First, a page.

Bethany Graham wasn’t sure what to make of Taryn Parks. The senior from Greencastle-Atrim in Pennsylvania has been a mainstay at the Foot Locker Cross Country Championships since her freshman year and had run 4:37 for 1600 meters over Memorial Day weekend. Graham ultimately chose not to change her plans for the Oatlands Invitational.
“I knew she raced pretty similar to me, that she liked to get out,” Graham said. “I decided to just run normally and see what happened. I didn’t want to change too much because she was in the race.”
It worked. The pair was together for two miles, separated from the rest of the pack, when Graham sped up at the two-mile mark and felt Parks lose contact.
“I’m not sure if she tried again, but I felt like she wasn’t responding,” Graham said.
Graham held a 10-second advantage over Parks, winning in 17:57, but 10 more seconds behind Parks, another out-of-state middle distance star had come to Oatlands, which was forced to cancel in 2018, after heavy rains threatened the hilly course.
Juliette Whittaker, a sophomore at Mount de Sales Academy in Baltimore County, was no slouch herself, and she finished third in 18:17. She is the national outdoor runner-up in the 800 meters, running 2:05 (though it took coach Steve Weber’s disclosure for that to come up).
“I just wanted to stick with the lead pack and see if I had anything left, but they went out a little faster than I expected,” she said. “I knew the hills were going to get tougher in the second half of the race. They usually came right after downhills, so you can’t really enjoy anything.”
Whittaker’s parents, Paul and Jill are both Georgetown track alumni, and Paul qualified for the Olympic Trials in the 800 meters.
Loudoun Valley won the varsity race 88-212 over John Champe on the strength of Ricky Fetterolf (eighth in 18:41) , former Rock Ridge runner Ava Gordon (ninth in 19:07), Maddie Smith (20th in 20:09), Ally Tally (27th in 20:22) and Alice Roberts (43rd in 20:44).
Garrett Suhr thought he saw his opening. Heading down a steep hill with about 150 meters left in the boys’ race, he either saw Kellen Hasle coming back to him or Suhr’s wait-and-kick strategy was working. Either way, he pulled up next to Hasle, and a second later, the Loudoun Valley senior left Suhr behind and went on to win 16:06-16:11.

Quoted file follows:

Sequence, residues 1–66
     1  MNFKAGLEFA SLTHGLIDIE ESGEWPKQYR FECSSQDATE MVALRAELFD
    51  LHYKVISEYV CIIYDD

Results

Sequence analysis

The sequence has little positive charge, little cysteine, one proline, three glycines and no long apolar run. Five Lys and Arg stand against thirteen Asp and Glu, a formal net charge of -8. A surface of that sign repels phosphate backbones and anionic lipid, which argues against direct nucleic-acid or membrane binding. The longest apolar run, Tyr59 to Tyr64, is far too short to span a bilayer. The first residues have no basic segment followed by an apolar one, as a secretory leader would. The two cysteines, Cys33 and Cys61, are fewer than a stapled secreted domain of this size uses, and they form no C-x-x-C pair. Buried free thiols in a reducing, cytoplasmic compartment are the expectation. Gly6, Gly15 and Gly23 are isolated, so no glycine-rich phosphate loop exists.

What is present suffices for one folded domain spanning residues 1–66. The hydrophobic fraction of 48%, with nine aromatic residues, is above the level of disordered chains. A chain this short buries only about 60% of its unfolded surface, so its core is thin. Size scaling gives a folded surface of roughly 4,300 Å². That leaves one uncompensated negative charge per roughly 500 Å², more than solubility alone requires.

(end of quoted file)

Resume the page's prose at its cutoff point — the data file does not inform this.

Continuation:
“I thought I could get him, but I could just not hang at all,” Suhr said. “He played it perfectly and I was just done after that. I kept rolling my ankle in the first mile, so I spent a lot of the race catching up to the front pack, and it looked like they were slowing down at two miles, so that gave me some hope.”
“I was just to not get beaten by entire Loudoun Valley team.”
Suhr did hold off Albemarle’s Joe Yung by six seconds and Loudoun Valley picked up where it left off two years ago, before the 2018 race was cancelled because heavy rain left the course vulnerable to damage, back on top 37-71 over Albemarle. Hasle, Kevin Carlson (fifth in 16:22), former Paul VI miler Matt Smith (10th in 16:38), Mateo Baretto (11th in 16:40) and Jeremiah Mussmon (13th in 16:45) all finished before Albemarle’s third crossed the line.
After going out too hard and paying for it a week before at the PTXC Invitational in Pennsylvania, Hasle was more patient.
“I have the tendency to hammer, hammer, hammer, but Coach (Marc Hunter) got through to me: he didn’t want me leading early,” he said. “I held back in the first mile I saw my teammates (Carlson and Smith) on both sides of me.”
The Vikings ran without Carlos Shultz, Taylor Ney and Elise Abbie, among their returning varsity runners, but still managed to defend their titles at their closest large invitational. Coach Joan Hunter said this boys team, compared to the two previous NXN champions, was made of more cross country-first guys, rather than track specialists moonlighting in the fall.
RunWashington is throwing in a season-long surge of cross country coverage. In September, we’re featuring our All-RunWashington team. So far we have profiled: